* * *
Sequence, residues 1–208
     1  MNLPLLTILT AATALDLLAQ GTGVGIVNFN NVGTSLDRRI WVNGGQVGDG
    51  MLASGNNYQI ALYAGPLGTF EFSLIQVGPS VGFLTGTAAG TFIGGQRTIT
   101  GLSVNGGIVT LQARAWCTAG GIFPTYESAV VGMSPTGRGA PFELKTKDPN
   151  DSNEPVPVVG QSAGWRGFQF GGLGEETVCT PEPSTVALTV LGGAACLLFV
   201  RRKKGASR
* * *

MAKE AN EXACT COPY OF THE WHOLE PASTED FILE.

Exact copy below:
Sequence, residues 1–208
     1  MNLPLLTILT AATALDLLAQ GTGVGIVNFN NVGTSLDRRI WVNGGQVGDG
    51  MLASGNNYQI ALYAGPLGTF EFSLIQVGPS VGFLTGTAAG TFIGGQRTIT
   101  GLSVNGGIVT LQARAWCTAG GIFPTYESAV VGMSPTGRGA PFELKTKDPN
   151  DSNEPVPVVG QSAGWRGFQF GGLGEETVCT PEPSTVALTV LGGAACLLFV
   201  RRKKGASR